For that purpose, Tamil Nadu will do well to reflect on the recommendations made in vision documents such as the Yashpal Committee Report (1993) on ‘Learning without burden' and the more recent National Curriculum Framework (NCF) 2005, and suitably incorporate them into its own curricular framework. The NCF says ‘The fact that learning has become a source of burden and stress on children and their parents is evidence of a deep distortion in educational aims and quality', and makes important recommendations, such as connecting knowledge to life outside school, and making examinations more flexible and integrating them with classroom life.

The State has now embarked upon a crucial exercise that has the potential to bring about a radical change in the school education space. The new curricular framework will be eagerly awaited.

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Meera SrinivasanJune 28, 2012

@ Raamganesh
Well said.
When it boils down to earn a living in country of a billion you can certainly ignore the fact such as "fun","practical" or life.

from:  Ronak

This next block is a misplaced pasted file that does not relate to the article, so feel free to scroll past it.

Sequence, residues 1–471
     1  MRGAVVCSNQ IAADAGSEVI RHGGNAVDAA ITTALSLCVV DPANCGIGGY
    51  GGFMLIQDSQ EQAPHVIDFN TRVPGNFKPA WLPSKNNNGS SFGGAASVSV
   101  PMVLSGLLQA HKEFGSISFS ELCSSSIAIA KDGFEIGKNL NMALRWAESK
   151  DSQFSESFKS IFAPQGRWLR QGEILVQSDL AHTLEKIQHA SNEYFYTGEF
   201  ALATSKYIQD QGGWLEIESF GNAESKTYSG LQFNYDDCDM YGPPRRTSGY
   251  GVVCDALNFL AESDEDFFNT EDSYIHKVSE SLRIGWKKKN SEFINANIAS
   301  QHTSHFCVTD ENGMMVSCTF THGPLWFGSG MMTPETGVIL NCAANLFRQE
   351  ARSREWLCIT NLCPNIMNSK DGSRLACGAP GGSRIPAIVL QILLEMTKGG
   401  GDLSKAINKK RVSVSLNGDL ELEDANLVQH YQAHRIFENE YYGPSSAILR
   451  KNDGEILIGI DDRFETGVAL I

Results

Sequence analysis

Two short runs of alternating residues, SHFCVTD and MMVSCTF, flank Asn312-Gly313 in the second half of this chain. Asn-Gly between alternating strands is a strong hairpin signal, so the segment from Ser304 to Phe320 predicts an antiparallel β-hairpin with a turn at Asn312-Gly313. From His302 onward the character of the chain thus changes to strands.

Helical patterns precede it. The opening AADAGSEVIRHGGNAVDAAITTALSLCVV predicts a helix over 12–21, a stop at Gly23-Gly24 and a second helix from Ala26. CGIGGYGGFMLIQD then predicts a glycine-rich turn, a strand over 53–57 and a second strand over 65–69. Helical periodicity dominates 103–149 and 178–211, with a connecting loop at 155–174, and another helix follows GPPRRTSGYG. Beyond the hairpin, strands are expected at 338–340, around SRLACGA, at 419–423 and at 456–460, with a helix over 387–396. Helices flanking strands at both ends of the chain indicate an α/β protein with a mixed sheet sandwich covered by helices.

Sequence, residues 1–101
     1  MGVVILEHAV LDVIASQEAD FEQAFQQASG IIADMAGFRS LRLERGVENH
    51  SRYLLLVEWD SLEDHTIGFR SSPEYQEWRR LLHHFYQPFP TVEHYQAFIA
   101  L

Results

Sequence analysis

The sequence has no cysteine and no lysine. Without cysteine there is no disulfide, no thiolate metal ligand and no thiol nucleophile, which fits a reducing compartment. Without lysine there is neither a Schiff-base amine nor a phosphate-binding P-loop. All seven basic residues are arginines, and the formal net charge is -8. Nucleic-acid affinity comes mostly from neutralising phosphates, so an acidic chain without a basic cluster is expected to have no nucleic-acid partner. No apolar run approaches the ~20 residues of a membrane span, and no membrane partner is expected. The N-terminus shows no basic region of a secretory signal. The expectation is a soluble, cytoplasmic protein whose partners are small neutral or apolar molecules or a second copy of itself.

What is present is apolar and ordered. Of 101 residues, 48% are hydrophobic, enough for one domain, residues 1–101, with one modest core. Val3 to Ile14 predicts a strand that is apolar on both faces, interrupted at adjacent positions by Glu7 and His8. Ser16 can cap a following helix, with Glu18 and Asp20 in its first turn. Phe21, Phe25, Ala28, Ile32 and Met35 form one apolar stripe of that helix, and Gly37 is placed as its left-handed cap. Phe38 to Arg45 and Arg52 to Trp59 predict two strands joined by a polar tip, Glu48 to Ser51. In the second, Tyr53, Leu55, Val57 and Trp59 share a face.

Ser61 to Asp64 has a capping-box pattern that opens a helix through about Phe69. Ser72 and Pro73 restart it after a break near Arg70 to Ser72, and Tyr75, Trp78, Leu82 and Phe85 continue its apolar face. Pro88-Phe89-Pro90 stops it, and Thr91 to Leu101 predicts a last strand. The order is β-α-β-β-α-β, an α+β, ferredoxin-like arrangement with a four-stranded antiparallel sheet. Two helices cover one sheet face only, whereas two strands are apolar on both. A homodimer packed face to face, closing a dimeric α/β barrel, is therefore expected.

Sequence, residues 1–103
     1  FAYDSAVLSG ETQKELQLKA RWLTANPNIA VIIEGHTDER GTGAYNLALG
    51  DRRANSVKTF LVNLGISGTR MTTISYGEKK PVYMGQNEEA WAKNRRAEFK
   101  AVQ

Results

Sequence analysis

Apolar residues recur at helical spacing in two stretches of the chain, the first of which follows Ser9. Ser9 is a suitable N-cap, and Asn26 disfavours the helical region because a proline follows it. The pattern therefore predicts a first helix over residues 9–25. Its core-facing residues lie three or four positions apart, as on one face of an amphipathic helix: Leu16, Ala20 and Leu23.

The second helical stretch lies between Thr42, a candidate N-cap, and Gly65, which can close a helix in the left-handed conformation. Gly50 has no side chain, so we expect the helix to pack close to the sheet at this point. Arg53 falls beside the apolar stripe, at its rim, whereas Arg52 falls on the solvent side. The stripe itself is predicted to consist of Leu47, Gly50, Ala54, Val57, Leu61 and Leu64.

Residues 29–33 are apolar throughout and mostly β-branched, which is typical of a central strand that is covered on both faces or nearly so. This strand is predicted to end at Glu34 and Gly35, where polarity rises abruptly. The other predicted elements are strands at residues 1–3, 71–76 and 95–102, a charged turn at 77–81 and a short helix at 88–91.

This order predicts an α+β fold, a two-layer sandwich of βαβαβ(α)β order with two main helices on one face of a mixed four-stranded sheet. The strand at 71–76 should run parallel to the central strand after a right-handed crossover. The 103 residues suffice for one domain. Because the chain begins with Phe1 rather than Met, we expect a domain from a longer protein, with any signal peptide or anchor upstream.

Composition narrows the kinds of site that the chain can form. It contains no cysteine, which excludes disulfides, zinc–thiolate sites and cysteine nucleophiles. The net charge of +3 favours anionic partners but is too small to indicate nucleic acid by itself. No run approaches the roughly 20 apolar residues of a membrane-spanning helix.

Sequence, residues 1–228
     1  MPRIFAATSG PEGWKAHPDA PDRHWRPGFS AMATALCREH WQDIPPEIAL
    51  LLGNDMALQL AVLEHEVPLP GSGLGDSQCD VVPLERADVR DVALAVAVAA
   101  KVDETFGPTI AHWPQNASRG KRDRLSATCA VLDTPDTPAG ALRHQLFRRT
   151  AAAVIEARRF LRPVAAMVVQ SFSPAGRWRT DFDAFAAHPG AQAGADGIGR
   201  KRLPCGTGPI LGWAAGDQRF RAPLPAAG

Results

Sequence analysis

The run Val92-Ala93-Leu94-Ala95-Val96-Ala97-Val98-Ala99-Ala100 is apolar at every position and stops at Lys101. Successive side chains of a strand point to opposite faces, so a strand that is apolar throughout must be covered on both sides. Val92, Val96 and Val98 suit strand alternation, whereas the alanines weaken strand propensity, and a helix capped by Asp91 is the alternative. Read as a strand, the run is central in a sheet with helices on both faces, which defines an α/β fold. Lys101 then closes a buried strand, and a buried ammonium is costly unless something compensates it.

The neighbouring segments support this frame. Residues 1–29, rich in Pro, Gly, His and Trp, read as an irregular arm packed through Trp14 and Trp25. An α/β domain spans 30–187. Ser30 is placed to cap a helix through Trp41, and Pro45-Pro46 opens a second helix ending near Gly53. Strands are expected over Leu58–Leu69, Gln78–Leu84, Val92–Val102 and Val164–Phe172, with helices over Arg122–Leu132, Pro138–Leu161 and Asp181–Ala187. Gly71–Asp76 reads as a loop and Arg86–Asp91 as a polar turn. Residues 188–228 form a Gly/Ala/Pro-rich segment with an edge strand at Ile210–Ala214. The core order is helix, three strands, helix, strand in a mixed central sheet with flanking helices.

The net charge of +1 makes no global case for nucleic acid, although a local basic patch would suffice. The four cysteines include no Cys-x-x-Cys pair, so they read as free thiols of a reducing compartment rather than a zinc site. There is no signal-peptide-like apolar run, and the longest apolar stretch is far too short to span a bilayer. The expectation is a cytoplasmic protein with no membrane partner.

Posted on: Apr 20, 2012 at 19:50 IST

Every child wants joyful schooling and a pleasant childhood. Are we allowing them
to enjoy?Just blaming the schooling system is not going to solve the problem.
There should be a total change in all aspects. Right from over ambitious parents
no no avaricious parents,relating marks to jobs,admission in colleges,killing the
creativity etc have to change totally.At the end of the day to get admission in any
good institution you need high scores or money to pay heavy capitation.I have
seen and heard many parents saying that they are not interested in any
extracurricular activities. They want their children to score high marks to get into
top ranking institutions.In fact some schools are Marks producing factories. They
have no PTperiods,Library hour,and even reduce the number of periods for